London 2012 Legacy About More Than Swim Stats: Its Even Sexy In The Serpentine At 1.7C

New London and a pool that has moved on in structure and in the hearts and minds of British swimmers

Editorial: Olympic legacy is about much more than stats that show swimming remains the biggest participation sport in Britain. The events of 2012, highs and lows, played out in the results of the national team in 2014 having moved on in the hearts and minds of those who will seek places on the world-titles team this April at the heart of New London

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Editorial: Olympic legacy is about much more than stats that show swimming remains the biggest participation sport in Britain. The events of 2012, highs and lows, played out in the results of the national team in 2014 having moved on in the hearts and minds of those who will seek places on the world-titles team this April at the heart of New London

Comments

Kat

I popped in for a swim there last night and it continues to be the best pool I’ve ever swum in: plenty of room in the competition pool for public lane swimming (nice and deep to discourage the time-wasters!) and the club kids alongside, lessons and splashing about for the small kids in the training pool, and being able to watch the elite divers training in the distance – all at the same time. I feel very lucky to be able to go there regularly.

Craig Lord

Terrific, Kat, good to hear. Thanks

Mark

It is a complex issue but there are some serious problems relating to our sport which need addressing. Relating them to our town, firstly we have had three new 6 and 8 eight lane pools built to replace aging facilities. All good you say. Yet the competitive swimming club is unable to gain access. They have to train in an old 25yard pool and pay higher rates for the pleasure. The trust has a learn to swim program but there are no links or pathways to the competition side of swimming. The trust has no desire to develop this side of swimming as it is not a money maker, even though the club has offered its services to work with them. After attempts to contact the ASA club development officer resulted in one visit and no follow up, the local club has had to work alone. The local trust do not have the desire to develop swimming beyond learn to swim for obvious money reasons.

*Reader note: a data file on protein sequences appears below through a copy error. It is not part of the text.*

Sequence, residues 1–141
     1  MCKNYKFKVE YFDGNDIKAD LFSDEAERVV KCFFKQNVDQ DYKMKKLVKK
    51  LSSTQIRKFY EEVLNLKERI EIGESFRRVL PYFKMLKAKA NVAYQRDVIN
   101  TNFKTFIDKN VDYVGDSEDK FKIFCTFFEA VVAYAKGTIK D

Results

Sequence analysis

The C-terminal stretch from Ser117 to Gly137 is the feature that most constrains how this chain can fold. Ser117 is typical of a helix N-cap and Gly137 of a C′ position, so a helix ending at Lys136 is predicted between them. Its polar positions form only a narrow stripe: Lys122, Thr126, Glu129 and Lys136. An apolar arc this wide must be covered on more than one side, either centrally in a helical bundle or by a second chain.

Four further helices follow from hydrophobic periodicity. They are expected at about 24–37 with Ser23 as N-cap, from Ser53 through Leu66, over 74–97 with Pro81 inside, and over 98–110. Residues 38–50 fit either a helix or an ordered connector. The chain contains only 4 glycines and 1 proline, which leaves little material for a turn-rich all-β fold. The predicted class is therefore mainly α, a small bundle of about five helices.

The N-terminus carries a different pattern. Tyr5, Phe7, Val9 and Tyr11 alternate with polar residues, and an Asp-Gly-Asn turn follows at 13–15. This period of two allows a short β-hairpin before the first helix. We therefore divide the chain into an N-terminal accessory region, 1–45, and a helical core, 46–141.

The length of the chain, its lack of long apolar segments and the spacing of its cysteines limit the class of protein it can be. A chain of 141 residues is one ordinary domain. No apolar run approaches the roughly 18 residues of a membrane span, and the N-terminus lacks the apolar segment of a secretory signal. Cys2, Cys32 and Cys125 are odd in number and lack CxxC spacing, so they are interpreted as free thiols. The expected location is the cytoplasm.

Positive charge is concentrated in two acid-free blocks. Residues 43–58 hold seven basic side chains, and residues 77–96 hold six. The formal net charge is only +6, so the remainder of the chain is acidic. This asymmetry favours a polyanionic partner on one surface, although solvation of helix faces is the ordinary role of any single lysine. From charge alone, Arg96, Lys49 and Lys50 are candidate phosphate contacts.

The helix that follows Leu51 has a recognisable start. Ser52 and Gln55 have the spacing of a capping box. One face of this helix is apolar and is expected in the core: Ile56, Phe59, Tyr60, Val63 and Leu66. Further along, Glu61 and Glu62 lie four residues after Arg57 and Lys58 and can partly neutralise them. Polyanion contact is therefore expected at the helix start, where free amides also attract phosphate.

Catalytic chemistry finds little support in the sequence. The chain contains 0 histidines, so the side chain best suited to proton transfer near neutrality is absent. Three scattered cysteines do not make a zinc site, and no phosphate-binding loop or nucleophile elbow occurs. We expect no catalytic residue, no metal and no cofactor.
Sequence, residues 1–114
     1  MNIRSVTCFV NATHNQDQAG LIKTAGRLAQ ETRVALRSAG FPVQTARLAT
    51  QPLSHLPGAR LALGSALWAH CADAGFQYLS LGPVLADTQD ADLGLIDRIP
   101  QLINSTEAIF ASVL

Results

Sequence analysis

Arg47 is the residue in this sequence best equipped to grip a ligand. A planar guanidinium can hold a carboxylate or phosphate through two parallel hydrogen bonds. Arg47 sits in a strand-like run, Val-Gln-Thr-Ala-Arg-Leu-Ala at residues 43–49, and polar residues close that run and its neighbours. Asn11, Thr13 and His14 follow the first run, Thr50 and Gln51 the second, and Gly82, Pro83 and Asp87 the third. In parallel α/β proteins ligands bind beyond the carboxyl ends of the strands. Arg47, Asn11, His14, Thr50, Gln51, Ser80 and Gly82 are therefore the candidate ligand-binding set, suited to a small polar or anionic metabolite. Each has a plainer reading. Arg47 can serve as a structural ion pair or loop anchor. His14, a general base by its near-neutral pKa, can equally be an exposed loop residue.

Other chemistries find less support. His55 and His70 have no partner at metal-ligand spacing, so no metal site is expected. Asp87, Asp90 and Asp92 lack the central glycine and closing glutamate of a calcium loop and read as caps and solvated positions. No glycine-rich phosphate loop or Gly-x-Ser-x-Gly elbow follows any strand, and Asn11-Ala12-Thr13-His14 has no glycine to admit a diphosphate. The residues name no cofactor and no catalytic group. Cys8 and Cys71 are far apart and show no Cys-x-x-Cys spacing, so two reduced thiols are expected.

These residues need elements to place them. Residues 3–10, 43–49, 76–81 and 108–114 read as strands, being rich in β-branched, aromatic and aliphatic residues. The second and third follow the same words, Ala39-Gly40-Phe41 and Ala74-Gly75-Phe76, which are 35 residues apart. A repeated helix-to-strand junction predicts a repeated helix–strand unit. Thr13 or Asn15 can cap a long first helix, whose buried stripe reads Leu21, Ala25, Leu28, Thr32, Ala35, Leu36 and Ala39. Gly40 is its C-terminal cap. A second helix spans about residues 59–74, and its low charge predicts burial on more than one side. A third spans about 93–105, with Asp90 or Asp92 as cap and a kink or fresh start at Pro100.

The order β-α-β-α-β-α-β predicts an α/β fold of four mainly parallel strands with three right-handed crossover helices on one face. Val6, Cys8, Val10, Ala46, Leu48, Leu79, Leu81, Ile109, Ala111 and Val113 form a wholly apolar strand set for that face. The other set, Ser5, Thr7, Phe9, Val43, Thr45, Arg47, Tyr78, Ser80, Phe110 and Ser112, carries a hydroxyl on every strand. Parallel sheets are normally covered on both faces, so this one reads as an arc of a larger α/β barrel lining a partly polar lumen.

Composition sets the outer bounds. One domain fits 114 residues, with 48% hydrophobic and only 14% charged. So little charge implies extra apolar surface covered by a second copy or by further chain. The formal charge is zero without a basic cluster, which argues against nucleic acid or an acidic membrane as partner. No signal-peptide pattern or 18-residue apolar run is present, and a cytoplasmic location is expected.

If basic pathways and access are a problem, numbers will continue to decline.

Craig Lord

Mark – quite right. I think that is a problem far and wide, not only in Britain but other European countries. It is like life as a traveller on a network that never links up properly, the effort to get from A to B requiring self-funded and energised stops and provisional modes of transport via stages B, C F, G, X and Y. Tragic

James Parrack

Another very good piece and yes, what a fuss indeed! Without wishing to let the truth get in the way of a good story, my recollection was that, in the words of the head of bbc broadcasts from the CG in Auckland, Alastair Scott, commenting on the fact that the interview was broadcast live on bbc breakfast, ‘Some grandmother might be watching this with her breakfast, and choke on her tea hearing language like that.’
The only slaps when I got home were on the back!
How times have changed. I guess orgasms aint what they used to be if anyone can have one just by jumping in a lake.
Thank you for remembering! Great days!

Craig Lord

I can’t claim this has been orgasmic, James, but your insight is much appreciated 🙂

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